DIY container gardening in a small area

Storage tubs can be used in containers for gardening

Hawaii is home to the most geographically isolated human population in the world. In view of the current COVID-19 pandemic and more than half a million residential units on the islands, growing vegetables in containers is ideal for small spaces: apartments, condominiums, terraces and areas with poor soil conditions. With enough growing space, soil drainage and ventilation, sunlight, adequate nutrients and irrigation, people can grow vegetables quickly – right at home.

university Hawaii at the Mānoa College of Tropical Agriculture and Human Resources Cooperative Extension Service Agents Jari Sugano and Kalani Matsumura provide tips on converting frequently discarded items in vegetable gardens that produce food.

Plant in a milk cartonOld milk cartons can be used as planters

Pots and root space

Plastic, clay or cement pots are ideal for vegetable and herb production. But in a pinch, many common household items can be used as planters – leftover plastic containers to take with you, old gutters or storage tubs. Use a little potting soil and fertilizer, making sure to cut or drill enough holes for drainage: about half an inch wide, evenly spaced.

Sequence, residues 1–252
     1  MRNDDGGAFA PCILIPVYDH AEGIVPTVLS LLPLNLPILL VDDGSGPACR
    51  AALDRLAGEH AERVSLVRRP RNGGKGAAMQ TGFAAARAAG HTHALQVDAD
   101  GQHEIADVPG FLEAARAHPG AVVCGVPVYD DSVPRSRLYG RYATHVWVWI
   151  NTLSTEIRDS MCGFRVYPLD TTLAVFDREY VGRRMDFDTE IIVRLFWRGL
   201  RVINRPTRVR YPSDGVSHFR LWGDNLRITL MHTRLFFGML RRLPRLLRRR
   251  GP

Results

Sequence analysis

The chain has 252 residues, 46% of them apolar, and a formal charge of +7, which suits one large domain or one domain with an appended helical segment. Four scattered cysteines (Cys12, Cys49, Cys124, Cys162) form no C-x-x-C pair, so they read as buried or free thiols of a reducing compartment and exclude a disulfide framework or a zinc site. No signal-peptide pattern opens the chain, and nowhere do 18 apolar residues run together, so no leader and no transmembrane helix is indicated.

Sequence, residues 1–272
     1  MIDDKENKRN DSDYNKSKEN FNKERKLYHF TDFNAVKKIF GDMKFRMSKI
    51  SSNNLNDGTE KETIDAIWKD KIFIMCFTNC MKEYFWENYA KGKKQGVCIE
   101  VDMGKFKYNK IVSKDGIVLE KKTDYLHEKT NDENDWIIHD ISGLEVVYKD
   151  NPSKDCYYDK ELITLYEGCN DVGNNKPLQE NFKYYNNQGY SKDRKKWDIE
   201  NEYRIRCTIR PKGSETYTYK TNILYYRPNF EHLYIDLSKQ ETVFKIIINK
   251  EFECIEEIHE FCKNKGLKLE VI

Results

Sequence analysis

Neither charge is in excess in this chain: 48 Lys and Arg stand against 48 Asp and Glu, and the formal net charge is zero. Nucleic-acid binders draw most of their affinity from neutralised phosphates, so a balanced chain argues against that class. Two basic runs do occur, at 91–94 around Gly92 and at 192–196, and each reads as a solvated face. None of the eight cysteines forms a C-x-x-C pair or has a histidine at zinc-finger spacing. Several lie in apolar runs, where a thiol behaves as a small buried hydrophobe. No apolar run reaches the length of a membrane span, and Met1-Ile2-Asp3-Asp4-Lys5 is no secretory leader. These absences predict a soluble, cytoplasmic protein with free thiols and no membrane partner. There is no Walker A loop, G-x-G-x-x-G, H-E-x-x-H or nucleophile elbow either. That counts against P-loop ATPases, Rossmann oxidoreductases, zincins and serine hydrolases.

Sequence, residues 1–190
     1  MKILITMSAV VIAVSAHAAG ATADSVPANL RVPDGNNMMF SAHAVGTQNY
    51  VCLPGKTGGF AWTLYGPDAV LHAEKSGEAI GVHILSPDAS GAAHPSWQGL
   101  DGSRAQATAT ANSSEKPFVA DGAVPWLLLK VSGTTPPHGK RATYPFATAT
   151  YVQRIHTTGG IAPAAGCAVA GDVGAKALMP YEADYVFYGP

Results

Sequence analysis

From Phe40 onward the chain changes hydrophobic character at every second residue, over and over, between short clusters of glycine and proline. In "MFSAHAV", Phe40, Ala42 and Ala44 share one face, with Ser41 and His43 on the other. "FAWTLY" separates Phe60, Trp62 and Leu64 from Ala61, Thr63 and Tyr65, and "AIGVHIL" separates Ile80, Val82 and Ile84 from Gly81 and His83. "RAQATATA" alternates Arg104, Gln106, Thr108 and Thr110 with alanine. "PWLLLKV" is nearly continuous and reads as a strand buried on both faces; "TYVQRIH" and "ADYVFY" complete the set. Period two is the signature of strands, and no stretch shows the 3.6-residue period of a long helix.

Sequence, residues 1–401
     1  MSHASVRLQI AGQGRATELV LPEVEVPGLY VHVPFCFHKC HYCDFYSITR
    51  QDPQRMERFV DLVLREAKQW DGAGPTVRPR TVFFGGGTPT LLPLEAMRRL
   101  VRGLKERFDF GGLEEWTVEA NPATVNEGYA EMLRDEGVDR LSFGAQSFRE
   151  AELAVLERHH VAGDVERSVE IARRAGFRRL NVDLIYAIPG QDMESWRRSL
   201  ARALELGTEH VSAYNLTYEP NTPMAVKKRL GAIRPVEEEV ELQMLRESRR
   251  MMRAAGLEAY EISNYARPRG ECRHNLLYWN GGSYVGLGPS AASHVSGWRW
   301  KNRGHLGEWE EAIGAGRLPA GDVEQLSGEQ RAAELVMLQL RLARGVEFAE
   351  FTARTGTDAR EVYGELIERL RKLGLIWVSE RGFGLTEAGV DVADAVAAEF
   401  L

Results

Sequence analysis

Choosing the right container starts with knowing how much space the roots need to fully develop. Some plants need more root space, like cucumber, eggplant, daikon, soybean, ginger, taro, pumpkin, rosemary, vermin, and pepper. They should be planted in large containers – a 3 to 5 gallon bucket with holes in the bottom is great. Medium-sized plants like spring onions, lettuce, spinach, basil, beans, mint, cabbage, kale, or radish should be placed in 1½ to 2½ gallon containers. Small herbs like mizuna, chives, and parsley can thrive in ½ to 1 gallon containers, like a plastic milk jug with the narrow lid cut off. In general, it is better to plant plants in a larger container than something that is too small, which could limit root development.

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Remember, vegetables in containers are prone to the same pests and diseases as vegetables grown in the ground. If soil-borne plant diseases are a problem, try “soilless” potting mixes. Another important aspect is fertilization, especially in Hawaii.

For specific questions, visit the UH Master Gardeners website.

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